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# ADA4700 - DAC-controlled dual polarity voltage source

I've selected the ADA4700-1 in an application to drive a static charge upon a stainless steel plate (conductivity measuring instrument).  For this purpose I have two supply rails, one at +38V and the other at -38V.   The ADA4700-1 will be configured as an inverting gain stage.  There is virtually no current load on the output.

I'd like to drive the ADA4700-1 from a microprocessor's DAC output (0 to 3.3v) such that the ADA4700-1 presents +38V when the DAC drive is 0 (or +3.3) and -38V when the DAC drive goes the other way.

To make this work, I think we need to swing the DAC drive above and below 0V.  Is there any way to avoid this conversion through biasing the ADA4700-1?

Suggestions on the best way to achieve our desired result most gratefully appreciated.

## Top Replies

• Hi.

Apologies for late response.

I have done something very similar to your application in the past. So here it is.

You will be needing a gain of 23.0303 (76/3.3) to get the output you need. R and C are optional for low pass RC filter. The output transfer function will be:

OUT = IN ( 1 + RF/RG ) - 1.725V ( RF/RG).

For RG you can have a parallel combination of 29.8K//30.5K or 15.073K. For RF use 332K.

So,

@ IN = 0 V (ZS)

OUT = 0 - 1.725 (332/15.073) = - 37.9951V

@ IN = 1.65 V (MS)

OUT = 1.65 ( 1 + 332/15.073) - 37.9951 = -0.00196 V

@ IN = 3.3 V (FS)

OUT = 3.3 (1 + 332/15.073) - 38.9951 = 37.9917 V

The accuracy of conversion (gain up) will depend on how tight/close the values of the resistors with respect to the computation.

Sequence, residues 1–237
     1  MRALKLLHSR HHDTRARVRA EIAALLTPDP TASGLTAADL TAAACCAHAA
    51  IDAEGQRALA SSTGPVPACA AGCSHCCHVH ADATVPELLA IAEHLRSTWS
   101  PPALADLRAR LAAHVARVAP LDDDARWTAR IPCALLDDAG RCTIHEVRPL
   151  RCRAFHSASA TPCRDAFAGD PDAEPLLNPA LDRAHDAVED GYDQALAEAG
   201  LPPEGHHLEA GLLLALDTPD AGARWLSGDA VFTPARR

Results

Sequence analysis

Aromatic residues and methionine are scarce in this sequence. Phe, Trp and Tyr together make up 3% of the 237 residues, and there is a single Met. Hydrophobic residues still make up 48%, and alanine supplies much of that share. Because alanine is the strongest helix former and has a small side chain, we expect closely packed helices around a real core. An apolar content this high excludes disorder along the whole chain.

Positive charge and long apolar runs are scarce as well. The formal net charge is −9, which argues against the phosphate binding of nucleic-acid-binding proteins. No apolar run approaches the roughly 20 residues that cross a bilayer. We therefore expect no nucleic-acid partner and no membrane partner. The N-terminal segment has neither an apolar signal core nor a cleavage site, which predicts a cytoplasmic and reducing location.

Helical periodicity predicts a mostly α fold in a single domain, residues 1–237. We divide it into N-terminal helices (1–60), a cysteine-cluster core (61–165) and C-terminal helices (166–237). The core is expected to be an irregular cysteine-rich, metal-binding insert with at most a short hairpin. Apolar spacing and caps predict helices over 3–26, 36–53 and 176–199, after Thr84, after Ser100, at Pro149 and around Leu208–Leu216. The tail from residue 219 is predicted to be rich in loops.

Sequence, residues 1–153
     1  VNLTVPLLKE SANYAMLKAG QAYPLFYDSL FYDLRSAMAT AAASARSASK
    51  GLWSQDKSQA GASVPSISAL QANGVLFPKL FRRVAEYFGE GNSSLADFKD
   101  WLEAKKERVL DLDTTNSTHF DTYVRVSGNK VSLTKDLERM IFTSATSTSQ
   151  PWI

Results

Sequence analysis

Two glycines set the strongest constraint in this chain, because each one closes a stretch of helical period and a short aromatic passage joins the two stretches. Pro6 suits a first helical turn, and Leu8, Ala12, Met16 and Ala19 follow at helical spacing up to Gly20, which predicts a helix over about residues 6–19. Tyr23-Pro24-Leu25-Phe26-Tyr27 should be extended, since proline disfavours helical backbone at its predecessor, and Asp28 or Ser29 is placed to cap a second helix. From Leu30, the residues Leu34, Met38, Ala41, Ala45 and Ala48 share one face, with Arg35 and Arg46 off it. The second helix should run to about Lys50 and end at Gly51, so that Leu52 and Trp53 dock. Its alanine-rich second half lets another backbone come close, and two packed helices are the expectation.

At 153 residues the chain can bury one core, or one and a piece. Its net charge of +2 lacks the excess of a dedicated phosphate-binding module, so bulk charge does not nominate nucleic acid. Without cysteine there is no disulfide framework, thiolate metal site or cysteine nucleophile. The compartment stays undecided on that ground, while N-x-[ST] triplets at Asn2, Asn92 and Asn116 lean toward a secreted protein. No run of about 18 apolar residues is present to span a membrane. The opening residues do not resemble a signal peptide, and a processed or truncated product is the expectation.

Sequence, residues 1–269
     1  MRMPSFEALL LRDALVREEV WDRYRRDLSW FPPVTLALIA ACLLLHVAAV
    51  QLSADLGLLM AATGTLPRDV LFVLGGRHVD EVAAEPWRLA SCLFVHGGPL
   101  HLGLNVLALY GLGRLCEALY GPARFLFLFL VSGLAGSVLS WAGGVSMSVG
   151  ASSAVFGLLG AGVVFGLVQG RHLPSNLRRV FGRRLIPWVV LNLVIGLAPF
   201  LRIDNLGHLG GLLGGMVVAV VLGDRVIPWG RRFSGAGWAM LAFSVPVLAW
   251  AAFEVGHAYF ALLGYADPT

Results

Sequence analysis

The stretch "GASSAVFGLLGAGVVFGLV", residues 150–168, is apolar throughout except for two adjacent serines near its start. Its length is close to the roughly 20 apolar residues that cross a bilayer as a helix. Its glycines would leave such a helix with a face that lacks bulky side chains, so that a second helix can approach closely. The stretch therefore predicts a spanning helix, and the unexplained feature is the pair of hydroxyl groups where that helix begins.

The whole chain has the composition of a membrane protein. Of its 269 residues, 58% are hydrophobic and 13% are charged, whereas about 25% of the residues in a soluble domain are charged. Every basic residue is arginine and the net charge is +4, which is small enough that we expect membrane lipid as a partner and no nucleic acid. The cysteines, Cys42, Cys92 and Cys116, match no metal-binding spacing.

Please be careful with the supplies. ADA4700-1 is not true rail-to-rail, it has headroom in each rail. For safety please power it with 3V allowance for each output.

Regards.

• Pretty nifty!

My design is a bit more complex.  Unfortunately we don't have much headroom... +-38V is it.  However, with this circuit, we achieve very close to +-37V with a buffered DAC drive.

• Hi.

I see. If that's your intended schematic, I would like to suggest this one.

This will be your single stage solution. In which the use of Buffer and a Level Shifter are unnecessary, so you will save two op-amps.

This circuit will follow a circuit transfer function of:

OUT = IN (1 + RF/RTH) - VTH (RF/RTH)

To compute for the values, see below.

>>For  RF/RTH

Gain(non-inverting) = (36 - -36)/3.3 = 72/3.3 = 21.81818182

Gain(inverting) = Gain (non-inverting) - 1 = 20.81818182 = RF/RTH

>>For VTH ;

@ IN = 0 , OUT = -36 V

-36 V = 0 - VTH (RF/RTH)

VTH = 1.729257642 V

>>For R1, R2 and RF;

VTH = 3.3 V (R2 / (R1 + R2))

1.729257642 V = 3.3 V (R2 / (R1 + R2))

R2 / (R1 + R2) = 120/229

So: R2 = 12.0 kΩ and R1 = 10.9 kΩ.

RTH = R1//R2 = 5.711790393 kΩ.

R= 20.81818182 * RTH = 108.909 kΩ

Now:

OUT = IN (21.81818182) - 36 V

@ IN = 0V ; OUT = -36 V

@ IN = 1.65 V ; OUT = 0 V

@ IN = 3.3 V ; OUT = 36 V